The Galah - Eolophus roseicapilla (Vieillot, 1817) - belongs to the Eolophus genus, which is closely related to Cacatua genus, where most cockatoos belong. Previously it was part of the Cacatua genus (classified as Cacatua roseicapilla) but recent studies has moved it to the monotypic Eolophus genus and Cacatua now only contains the white cockatoos.
They are widespread across most of Australia with millions of individuals, but among breeders outside Australia it is more rare as there is an export ban. They are often a little more expensive than the more common yellow crested cockatoos. However, they are often easier to breed in captivity.
Young birds are easy to tame and can also learn to imitate words or short sentences. Older birds will be harder to tame and will often be shy.
The Galah are often very curious and always busy; don't expect them to sit still and cuddle for a long time - this is in contrast to some of the white cockatoos that love attention and cuddling. Like most cockatoos they form a very close and lifelong bond with their mate.
In captivity a Galah can be up to 70-80 years old with proper care and a healthy diet; the lifespan of wild birds however is usually below 20 years.
It is listed on CITES Appendix II.
Pink chest. Grey back and wings - the color may vary from grey to a bright grey that is almost white. The crest is pinkish white with a wide and very short shape.
The male usually has black iris, while the females have a reddish-brown iris.
Juveniles have dark gray iris; they get the adult color when they are about two years old.
Length: 35 cm.
- Eolophus roseicapilla roseicapilla (Vieillot, 1817) - Western and west-central Australia.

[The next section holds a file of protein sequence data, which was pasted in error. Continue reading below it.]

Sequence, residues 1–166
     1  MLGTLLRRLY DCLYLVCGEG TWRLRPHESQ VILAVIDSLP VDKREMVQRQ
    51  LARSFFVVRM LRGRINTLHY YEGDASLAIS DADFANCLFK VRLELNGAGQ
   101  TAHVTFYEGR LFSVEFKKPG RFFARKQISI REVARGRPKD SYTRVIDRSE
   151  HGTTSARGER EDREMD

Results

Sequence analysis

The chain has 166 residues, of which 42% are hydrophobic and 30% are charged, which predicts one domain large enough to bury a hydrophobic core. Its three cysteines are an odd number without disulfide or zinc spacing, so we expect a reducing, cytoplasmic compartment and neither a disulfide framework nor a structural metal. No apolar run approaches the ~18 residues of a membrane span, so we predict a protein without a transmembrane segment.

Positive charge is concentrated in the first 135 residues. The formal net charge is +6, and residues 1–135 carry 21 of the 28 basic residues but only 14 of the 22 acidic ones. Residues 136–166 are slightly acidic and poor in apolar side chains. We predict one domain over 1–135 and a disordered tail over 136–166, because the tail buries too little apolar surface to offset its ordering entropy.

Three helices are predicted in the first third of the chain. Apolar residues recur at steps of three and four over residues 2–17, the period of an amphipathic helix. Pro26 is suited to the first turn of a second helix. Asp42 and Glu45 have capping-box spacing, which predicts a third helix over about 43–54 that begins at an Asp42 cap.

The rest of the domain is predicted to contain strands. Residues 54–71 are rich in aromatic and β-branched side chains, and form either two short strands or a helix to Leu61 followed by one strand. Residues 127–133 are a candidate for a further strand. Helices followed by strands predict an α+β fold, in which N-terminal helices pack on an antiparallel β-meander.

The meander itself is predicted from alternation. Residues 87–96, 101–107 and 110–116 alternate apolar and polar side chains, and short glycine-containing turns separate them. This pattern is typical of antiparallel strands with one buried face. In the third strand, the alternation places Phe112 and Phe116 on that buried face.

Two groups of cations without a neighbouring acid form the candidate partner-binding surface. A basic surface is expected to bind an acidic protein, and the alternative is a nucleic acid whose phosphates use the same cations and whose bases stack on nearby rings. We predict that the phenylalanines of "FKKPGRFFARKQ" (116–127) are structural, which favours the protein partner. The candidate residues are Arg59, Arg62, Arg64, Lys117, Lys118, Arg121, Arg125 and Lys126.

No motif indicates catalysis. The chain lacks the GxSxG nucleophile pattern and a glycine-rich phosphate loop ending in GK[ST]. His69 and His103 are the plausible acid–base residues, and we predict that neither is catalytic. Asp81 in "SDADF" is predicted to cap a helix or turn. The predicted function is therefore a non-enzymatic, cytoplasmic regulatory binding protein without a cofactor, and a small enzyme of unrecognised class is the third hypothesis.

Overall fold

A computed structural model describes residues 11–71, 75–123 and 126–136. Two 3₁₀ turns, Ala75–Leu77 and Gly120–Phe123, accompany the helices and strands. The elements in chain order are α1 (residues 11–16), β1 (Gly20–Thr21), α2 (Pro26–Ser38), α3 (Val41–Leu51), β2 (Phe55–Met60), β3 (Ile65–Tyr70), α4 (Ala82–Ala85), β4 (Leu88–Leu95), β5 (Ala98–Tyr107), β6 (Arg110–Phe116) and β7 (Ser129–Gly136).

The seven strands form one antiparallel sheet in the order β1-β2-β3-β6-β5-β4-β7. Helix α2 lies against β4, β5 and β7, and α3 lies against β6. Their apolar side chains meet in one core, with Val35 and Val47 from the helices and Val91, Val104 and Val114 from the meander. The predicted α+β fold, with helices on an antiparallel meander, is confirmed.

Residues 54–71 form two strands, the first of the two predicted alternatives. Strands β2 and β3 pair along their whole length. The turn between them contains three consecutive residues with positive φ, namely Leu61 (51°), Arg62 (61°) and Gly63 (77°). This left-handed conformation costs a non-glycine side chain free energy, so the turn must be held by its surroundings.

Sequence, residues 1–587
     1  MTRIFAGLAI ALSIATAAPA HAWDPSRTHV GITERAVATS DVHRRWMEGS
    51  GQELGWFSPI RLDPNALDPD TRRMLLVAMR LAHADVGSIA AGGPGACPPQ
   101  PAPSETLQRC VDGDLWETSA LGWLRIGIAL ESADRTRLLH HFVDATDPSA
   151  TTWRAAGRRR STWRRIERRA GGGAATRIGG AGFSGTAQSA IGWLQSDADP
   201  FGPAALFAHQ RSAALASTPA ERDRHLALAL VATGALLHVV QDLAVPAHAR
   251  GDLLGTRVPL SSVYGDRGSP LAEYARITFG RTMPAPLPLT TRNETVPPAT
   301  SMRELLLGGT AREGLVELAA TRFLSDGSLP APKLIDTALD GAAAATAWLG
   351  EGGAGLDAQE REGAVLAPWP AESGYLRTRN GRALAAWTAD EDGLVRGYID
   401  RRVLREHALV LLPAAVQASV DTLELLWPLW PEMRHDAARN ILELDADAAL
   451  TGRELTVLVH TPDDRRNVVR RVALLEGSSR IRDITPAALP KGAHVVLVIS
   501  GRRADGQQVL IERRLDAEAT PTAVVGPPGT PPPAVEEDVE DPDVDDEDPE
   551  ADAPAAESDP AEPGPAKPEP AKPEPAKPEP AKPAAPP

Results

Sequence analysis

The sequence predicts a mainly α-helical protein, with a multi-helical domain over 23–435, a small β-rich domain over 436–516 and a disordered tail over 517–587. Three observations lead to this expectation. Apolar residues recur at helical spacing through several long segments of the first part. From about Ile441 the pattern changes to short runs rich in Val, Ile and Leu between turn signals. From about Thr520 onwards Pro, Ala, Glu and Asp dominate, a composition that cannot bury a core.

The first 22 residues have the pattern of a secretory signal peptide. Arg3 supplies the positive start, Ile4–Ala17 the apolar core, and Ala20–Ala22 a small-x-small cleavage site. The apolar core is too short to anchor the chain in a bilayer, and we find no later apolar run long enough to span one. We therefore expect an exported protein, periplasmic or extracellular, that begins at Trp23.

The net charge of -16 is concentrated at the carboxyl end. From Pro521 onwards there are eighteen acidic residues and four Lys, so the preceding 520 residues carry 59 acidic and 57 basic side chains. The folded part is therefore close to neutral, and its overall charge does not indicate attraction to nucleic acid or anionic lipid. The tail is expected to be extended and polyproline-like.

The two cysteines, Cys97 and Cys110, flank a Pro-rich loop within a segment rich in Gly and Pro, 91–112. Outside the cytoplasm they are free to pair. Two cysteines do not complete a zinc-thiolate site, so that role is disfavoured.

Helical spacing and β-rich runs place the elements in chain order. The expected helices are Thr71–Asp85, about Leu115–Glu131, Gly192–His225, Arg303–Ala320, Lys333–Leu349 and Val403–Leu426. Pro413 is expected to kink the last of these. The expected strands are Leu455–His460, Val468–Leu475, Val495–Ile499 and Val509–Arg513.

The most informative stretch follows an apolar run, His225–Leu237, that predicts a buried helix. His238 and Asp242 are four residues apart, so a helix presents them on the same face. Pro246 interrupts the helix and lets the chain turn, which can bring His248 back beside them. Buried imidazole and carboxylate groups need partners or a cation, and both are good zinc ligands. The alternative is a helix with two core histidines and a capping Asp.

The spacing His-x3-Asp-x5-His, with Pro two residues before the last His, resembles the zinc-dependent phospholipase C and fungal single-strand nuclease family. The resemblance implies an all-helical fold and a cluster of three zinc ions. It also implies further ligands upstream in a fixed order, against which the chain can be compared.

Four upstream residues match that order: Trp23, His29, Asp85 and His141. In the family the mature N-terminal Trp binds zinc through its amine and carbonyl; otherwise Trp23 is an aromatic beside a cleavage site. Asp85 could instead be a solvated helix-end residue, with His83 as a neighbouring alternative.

- Eolophus roseicapilla albiceps (Schodde, 1989) - East-central and eastern Australia south to Tasmania.
- Eolophus roseicapilla kuhli (Mathews, 1912) - Northern Australia (Northern Territory)
Wild birds mainly feed on grasses and seeds, as well as small insects.
In aviculture it is important to give the birds a low fat diet, as the Galah tends to get fat, the so-called lipomes.
The Galah is endemic to the mainland Australia; the sub specie Eolophus roseicapilla albiceps has been introduced to Tasmania.
It is widespread in most of Australia except the far north of Cape York Peninsula.
They can be seen in large flocks and are also common in urban areas.
Wild birds nest in three cavities.
They are relatively easy to breed in captivity. They are not sensitive to cold weather. They are not particularly destructive, but they have a strong beak and love to chew so take that into account when choosing a cage or aviary. Give them plenty of bird safe wood or other toys which they can chew on. The Galah do not mix well with other species so keep them in separate aviaries. The birds should have a spacious volire so they get ample exercise.
The clutch usually contains up to five white eggs. Both the male and female take part on incubation. The eggs are hatched after about 25 days; the chicks leave the nest about 50 days later.
When the chicks are able to feed by themselves, they should be taken away from the parents to avoid being attacked.
- Order: Psittaciformes
- Family: Cacatuidae
- Genus: Eolophus
- Danish: Rosakakadu
- English: Galah, Rose Cockatoo, Roseate Cockatoo, Rose-breasted Cockatoo, Willock
- French: Cacatoès rosalbin, Galah
- German: Rosakakadu
- Portuguese: Cacatua-galah
- Spanish: Cacatúa Galah, Cacatúa Rosa
IUCN Red List
BirdLife International 2018. Eolophus roseicapilla.
The IUCN Red List of Threatened Species 2018: e.T22684758A131874469.
Downloaded on 31 May 2019.